Alcohol and its effect on diseases
Whenever you mention the health related effects of alcohol consumption most people immediately think of alcoholism. The caricature of the drunken tramp lying in the gutter comes to mind or even the vision of the aggressive lager-soaked football supporter. Others think of blood-spattered hooligans rampaging through the accident and emergency departments of our hospitals. Some may even conjure up the image of an uninhibited drunk urinating or vomiting in a doorway.
Ireland has a serious problem with the level of alcohol consumption in our society. There is an acknowledgement that our society would experience far fewer accidents, far fewer assault cases and less chaos in our hospitals if Irish people were more responsible in their drinking habits.
Diabetes and alcohol
But did you know that alcohol could have a detrimental effect on your health even if you were not an alcoholic? Maybe you know that alcohol can interact with a wide variety of prescription drugs, over the counter preparations and so-called 'natural' products. But did you know that alcohol could affect the course of a chronic health problem that afflicts you? As Michael Caine might say, 'not many people know that'.
Alcohol can affect such common conditions as diabetes, high blood pressure and high fat levels in the blood. This issue is important because many Irish people are being treated for these conditions without being aware that the level of alcohol they consume is having a direct impact on their condition. I am referring specifically to the interaction between alcohol and the condition and not an interaction between alcohol and the treatment being prescribed for treating that condition. Let me give you an example.
It has been demonstrated in the medical literature that people with diabetes who consume alcohol can have higher than normal blood glucose level or lower than normal blood glucose level depending on their nutritional status. Clearly this is of crucial importance since impairment of sugar regulation is central to the diabetics problem. Long-term alcohol consumption in a well-nourished diabetic can lead to chronically elevated glucose levels in the blood. The technical name for elevated blood glucose is hyperglycaemia. Conversely if a diabetic has not eaten for a while alcohol can cause the blood glucose level to drop further. Low blood glucose is referred to as hypoglycaemia. Both hyperglycaemia and hypoglycaemia can have damaging consequences for the diabetic.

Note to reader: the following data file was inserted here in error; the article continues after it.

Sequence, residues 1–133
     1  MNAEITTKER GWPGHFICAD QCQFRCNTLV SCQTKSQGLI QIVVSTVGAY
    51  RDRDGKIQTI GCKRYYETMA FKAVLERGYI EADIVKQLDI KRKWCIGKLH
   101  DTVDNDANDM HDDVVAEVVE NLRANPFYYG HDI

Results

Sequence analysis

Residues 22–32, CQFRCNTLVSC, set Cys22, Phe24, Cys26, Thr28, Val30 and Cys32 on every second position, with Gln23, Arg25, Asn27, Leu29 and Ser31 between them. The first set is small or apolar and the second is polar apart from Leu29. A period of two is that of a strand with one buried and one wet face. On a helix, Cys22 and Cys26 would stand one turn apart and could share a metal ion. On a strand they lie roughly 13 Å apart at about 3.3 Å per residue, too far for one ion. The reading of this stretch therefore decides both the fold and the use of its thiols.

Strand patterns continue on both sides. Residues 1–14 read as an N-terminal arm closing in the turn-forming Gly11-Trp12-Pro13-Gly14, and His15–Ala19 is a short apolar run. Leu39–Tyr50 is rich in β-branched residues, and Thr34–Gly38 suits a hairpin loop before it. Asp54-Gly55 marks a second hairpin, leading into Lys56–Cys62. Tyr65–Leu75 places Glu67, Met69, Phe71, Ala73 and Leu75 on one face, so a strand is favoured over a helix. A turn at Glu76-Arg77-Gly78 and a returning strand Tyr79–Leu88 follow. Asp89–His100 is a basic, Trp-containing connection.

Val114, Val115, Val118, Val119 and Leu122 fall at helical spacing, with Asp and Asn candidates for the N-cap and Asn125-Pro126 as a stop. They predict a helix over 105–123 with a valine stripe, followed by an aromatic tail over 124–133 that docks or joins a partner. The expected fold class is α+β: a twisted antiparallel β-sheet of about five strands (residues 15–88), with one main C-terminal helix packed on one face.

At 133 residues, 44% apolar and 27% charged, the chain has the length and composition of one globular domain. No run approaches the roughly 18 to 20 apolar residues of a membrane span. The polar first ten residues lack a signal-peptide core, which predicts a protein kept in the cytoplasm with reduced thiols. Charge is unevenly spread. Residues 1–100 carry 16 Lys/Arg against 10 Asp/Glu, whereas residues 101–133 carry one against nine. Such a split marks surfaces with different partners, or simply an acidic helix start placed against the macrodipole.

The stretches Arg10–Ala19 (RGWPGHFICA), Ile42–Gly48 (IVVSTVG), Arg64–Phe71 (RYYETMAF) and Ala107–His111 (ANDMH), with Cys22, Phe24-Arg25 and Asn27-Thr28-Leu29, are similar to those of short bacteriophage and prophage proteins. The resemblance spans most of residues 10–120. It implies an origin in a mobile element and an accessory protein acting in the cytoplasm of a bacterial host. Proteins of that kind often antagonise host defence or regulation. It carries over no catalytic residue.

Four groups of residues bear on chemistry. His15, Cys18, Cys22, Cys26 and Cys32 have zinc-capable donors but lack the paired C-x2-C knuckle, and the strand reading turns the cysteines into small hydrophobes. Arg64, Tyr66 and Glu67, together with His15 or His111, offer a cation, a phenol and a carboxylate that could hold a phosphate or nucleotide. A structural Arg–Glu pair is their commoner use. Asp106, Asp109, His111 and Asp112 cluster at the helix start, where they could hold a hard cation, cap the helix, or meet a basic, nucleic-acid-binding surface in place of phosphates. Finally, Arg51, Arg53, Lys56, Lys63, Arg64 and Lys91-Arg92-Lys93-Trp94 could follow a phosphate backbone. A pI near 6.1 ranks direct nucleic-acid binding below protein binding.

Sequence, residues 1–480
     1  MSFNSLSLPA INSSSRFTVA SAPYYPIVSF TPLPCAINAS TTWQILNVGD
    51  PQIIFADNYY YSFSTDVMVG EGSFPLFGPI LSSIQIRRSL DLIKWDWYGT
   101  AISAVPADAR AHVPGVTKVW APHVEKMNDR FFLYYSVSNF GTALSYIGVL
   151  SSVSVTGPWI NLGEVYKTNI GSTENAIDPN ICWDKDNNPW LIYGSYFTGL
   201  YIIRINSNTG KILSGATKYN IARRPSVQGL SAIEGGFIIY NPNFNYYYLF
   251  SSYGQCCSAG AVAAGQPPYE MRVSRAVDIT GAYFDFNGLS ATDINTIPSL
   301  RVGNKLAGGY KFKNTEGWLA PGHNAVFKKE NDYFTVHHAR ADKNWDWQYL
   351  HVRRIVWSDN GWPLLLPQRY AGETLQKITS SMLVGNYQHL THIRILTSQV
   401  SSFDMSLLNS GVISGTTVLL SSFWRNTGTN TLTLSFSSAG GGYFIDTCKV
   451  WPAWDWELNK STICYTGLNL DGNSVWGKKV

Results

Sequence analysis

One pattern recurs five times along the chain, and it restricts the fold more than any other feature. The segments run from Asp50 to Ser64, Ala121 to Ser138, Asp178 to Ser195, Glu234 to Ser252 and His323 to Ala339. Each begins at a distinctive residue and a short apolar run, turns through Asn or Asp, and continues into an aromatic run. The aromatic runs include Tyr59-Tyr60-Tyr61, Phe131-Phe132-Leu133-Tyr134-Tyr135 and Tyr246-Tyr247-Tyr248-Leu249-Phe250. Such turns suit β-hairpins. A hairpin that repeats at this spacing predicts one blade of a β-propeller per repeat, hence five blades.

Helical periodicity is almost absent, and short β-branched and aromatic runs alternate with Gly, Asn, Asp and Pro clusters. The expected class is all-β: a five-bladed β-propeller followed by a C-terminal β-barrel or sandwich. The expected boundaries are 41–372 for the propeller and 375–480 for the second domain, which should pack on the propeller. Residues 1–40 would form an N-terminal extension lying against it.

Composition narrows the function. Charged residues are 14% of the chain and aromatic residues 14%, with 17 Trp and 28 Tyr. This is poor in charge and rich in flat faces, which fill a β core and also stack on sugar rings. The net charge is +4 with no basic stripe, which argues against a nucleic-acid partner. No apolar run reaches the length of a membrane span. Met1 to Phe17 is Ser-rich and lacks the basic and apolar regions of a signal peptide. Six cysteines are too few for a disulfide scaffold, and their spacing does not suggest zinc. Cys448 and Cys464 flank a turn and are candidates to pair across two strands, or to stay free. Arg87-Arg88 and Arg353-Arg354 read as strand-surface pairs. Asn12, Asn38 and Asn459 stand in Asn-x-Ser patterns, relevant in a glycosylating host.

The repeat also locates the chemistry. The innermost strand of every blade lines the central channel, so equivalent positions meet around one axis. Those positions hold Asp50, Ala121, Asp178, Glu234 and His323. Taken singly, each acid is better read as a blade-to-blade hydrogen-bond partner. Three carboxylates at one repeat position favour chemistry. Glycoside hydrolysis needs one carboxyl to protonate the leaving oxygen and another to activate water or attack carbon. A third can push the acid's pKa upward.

Effects on the liver
Let us look a little more closely at what is happening in the liver of a fasting diabetic who drinks alcohol. The liver tries to counteract the falling level of glucose in a process known as gluconeogenesis, which literally means generating new sugar. This process requires that certain compounds be generated within the liver. However, alcohol metabolism in the liver has a direct negative impact on this chemical chain reaction thereby plunging the blood glucose levels to new depths. In other words alcohol directly counteracts the livers mechanisms for generating glucose.